In the example above, I expect to get data for two dogs: Alice and Belle. Only, Belle’s account isn’t showing up in the JSON, for some reason? With a quick assert in the JSON logic, I can make sure that this grabs my attention before the public release, which gives me time to make sure that my code properly accounts for the problem.

But why did I include a return after an assert if the program is going to crash anyway? While the return will never be called when you’re debugging, asserts do not get pulled into production code!

If I’m debugging this in Xcode, then the assert will be called and the program will end, but if this code is on the App Store, the assert will be skipped and the app should be able to response appropriately.

In debugging, the assert will cause the program to stop, and it’ll bring your attention to the exact line where the problem arose — which is also where this specific assert is located. The best part is that, while the app has stopped running, the compiler is still open for business. This means that you can still access the variables and their contents to see what the problem is.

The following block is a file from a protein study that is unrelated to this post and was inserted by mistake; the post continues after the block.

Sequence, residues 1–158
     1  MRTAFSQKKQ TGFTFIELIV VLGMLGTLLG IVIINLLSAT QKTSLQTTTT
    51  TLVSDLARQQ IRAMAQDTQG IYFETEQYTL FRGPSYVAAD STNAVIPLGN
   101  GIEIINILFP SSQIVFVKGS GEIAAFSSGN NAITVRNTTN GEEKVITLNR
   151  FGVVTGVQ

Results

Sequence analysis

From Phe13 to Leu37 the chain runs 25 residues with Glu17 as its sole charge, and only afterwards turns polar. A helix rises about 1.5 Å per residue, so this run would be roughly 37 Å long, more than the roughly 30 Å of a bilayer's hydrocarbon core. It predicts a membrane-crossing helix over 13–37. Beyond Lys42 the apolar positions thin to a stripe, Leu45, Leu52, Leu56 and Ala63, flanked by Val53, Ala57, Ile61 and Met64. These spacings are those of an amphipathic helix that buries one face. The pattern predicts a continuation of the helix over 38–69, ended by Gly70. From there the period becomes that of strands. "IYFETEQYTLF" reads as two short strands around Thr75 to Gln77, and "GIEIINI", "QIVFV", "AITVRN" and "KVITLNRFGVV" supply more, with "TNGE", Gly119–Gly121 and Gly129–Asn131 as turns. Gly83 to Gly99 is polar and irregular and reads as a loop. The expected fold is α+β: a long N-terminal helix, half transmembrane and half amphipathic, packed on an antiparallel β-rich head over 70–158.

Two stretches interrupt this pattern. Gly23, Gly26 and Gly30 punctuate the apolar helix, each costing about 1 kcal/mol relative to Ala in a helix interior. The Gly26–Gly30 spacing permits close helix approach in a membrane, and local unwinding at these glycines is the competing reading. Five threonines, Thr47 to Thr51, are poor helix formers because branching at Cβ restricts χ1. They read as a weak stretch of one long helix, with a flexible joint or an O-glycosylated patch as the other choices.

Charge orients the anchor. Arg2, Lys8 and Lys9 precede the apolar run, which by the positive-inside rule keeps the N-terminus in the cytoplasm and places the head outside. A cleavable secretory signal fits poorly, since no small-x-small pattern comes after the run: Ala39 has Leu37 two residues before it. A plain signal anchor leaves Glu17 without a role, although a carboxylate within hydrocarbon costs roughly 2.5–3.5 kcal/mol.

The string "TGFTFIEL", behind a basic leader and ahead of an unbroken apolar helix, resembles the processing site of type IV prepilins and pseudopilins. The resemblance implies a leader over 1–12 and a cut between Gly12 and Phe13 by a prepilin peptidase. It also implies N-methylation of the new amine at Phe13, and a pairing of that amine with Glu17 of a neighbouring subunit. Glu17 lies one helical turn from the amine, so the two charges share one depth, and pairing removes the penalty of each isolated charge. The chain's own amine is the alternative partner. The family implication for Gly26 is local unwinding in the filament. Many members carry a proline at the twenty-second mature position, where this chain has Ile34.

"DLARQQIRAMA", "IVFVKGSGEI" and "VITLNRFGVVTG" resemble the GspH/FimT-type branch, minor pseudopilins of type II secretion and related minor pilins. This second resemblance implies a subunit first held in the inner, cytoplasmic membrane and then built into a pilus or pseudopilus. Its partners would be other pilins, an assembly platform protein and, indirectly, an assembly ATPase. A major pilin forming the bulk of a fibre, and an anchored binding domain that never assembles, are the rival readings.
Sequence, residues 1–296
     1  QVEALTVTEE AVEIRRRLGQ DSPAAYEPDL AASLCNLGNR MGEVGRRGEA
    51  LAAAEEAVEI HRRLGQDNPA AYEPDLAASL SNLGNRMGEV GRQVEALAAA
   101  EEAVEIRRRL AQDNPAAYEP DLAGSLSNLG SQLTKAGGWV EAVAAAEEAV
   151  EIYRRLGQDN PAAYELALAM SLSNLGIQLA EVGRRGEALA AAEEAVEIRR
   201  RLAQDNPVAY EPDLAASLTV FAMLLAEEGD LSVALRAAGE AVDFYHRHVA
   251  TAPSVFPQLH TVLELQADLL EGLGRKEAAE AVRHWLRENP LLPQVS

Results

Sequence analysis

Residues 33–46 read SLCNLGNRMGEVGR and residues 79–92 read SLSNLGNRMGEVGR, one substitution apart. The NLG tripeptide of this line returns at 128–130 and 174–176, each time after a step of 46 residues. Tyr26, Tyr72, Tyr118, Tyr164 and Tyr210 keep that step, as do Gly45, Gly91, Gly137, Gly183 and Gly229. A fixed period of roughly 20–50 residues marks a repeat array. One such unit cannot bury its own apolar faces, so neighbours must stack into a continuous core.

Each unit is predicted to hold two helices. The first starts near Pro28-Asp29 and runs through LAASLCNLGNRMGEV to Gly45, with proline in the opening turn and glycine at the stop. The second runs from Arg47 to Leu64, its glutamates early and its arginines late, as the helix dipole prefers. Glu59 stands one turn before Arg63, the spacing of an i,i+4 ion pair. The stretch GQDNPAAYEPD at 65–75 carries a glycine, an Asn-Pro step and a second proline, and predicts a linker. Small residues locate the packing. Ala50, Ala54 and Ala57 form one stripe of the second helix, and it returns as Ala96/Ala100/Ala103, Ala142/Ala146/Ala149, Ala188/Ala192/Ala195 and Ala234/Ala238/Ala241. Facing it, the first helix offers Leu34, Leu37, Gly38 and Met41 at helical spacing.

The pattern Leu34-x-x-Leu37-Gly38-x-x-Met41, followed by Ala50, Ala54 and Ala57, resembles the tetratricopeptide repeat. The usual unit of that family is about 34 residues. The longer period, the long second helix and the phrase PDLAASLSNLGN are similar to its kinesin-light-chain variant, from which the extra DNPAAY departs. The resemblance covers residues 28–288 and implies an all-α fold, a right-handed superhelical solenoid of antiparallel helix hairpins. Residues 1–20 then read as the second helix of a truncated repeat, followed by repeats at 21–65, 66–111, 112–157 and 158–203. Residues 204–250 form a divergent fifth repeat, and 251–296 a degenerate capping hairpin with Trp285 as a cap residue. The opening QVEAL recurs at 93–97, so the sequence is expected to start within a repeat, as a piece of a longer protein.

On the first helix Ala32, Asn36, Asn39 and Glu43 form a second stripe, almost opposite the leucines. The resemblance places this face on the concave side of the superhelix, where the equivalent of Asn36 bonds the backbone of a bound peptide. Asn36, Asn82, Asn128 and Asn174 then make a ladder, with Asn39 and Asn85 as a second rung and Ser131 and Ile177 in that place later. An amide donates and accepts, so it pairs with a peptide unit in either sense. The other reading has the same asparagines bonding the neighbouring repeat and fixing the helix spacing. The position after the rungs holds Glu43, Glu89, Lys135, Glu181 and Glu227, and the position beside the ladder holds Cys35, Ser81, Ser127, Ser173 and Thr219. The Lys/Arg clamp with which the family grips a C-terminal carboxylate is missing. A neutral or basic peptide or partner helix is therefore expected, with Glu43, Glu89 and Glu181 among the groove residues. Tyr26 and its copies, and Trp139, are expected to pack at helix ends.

Asserts come in three major flavors:

  1. Assertions
  2. Preconditions
  3. Fatal Errors

Each of these are used to stop your program’s execution in a debuggable state, just as if you had set a breakpoint at the beginning of line 256. If a message was included in the assert then it’ll be passed off to the debugger right before stopping.

While asserts, preconditions, and fatal errors produce similar outcomes, their major differences lay in when they are active.

Side-note before we move on: Xcode will compile your build with one of three optimizations flags:

  1. -Onone: Compile without optimizations
  2. -O: Compile with optimization
  3. -Ounchecked: Compile with optimizations and remove runtime safety checks, used for an unchecked release

-Onone is used when you are writing and testing your code. -O, or release, is used for just that, the release version for the App Store. -Ounchecked is a release version that strips the runtime safety checks that Swift thrives off of. I don’t recommend using an unchecked build unless you really know what you’re doing, as it can cause unintended and dangerous results where your app would normally just crash.

Back to asserts!